Cancer of the eye and eyelids unfortunately is a common occurrence in cattle. It has major implications including welfare concerns, condemnation of carcasses, shortened lifespan due to need for culling as well as treatment costs.


Most eye cancers occur on non-pigmented areas around and on the eye and are more common in cattle with protruding rather than ‘hooded’ eyes. Metastasis (spread) to other areas can occur, either into local areas or even throughout the carcass (although this is more rare than just local growth). Unfortunately it is impossible to tell whether a cancer has invaded elsewhere from just looking at the animal or the cancer.


Treatment can be attempted in certain circumstances. Usually the best results are obtained with small cancers (less than 1cm) and where the cancer can be removed completely (third eyelid or entire eye removal) or can have cryotherapy applied (freezing). Any animals treated should be monitored very carefully for recurrence of the cancer.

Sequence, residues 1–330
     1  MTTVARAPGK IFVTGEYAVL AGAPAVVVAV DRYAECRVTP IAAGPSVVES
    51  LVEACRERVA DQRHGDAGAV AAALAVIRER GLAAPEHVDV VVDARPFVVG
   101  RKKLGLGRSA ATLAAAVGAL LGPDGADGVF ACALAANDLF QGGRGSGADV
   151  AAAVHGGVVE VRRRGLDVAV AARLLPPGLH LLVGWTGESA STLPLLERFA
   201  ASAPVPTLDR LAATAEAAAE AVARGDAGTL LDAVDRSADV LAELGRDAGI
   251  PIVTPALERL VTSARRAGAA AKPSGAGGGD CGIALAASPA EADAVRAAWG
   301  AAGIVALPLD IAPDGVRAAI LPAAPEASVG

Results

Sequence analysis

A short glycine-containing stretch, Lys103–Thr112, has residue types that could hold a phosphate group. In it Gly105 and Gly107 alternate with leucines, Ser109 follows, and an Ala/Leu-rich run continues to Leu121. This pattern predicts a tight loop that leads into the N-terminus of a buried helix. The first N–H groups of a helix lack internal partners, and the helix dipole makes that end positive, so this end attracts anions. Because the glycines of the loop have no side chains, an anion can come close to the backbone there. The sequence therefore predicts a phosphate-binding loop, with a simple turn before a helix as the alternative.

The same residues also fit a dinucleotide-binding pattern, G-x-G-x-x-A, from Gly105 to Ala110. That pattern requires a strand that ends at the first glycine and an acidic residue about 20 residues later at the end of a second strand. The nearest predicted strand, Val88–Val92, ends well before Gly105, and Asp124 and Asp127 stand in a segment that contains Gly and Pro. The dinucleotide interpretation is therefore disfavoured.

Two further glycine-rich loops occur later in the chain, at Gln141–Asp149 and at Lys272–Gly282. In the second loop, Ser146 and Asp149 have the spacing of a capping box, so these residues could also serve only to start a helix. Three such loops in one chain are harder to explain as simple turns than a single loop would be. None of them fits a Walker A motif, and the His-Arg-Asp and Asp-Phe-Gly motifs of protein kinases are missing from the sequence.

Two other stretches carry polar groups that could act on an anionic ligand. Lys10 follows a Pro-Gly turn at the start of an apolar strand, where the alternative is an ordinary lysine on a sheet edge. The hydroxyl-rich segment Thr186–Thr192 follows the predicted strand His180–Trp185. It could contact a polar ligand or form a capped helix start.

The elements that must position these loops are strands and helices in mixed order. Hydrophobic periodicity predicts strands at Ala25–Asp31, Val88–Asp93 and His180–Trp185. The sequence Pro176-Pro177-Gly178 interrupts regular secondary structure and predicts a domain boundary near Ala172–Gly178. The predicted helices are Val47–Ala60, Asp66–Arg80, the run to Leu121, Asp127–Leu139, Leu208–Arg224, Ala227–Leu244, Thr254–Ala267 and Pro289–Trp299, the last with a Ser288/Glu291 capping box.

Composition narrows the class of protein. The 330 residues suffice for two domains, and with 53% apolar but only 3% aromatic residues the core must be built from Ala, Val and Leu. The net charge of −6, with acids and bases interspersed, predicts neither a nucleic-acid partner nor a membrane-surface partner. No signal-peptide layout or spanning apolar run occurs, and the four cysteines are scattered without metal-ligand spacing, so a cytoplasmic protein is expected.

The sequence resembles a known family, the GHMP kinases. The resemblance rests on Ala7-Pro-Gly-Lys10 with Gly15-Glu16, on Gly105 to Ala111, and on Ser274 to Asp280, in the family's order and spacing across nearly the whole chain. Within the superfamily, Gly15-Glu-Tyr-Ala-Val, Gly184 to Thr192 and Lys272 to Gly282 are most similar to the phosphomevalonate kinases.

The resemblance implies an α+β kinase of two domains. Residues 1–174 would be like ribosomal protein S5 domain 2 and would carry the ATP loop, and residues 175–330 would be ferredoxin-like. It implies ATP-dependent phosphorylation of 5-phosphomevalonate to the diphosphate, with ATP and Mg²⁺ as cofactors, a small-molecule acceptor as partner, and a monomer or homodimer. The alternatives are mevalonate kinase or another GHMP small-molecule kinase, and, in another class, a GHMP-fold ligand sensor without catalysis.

There are welfare implications which determine whether an animal can be sold through saleyards, must go directly for slaughter or must be put down on farm. It is always worth checking with the abattoir or saleyards. Cattle with cancers that are larger than 3cm, ones that involve the whole eye and surrounding area, are discharging pus, are flyblown or are bleeding profusely cannot be transported for slaughter.


The best results occur when we identify and treat the animal early in the development of the cancer and are able to surgically remove all the cancer tissue.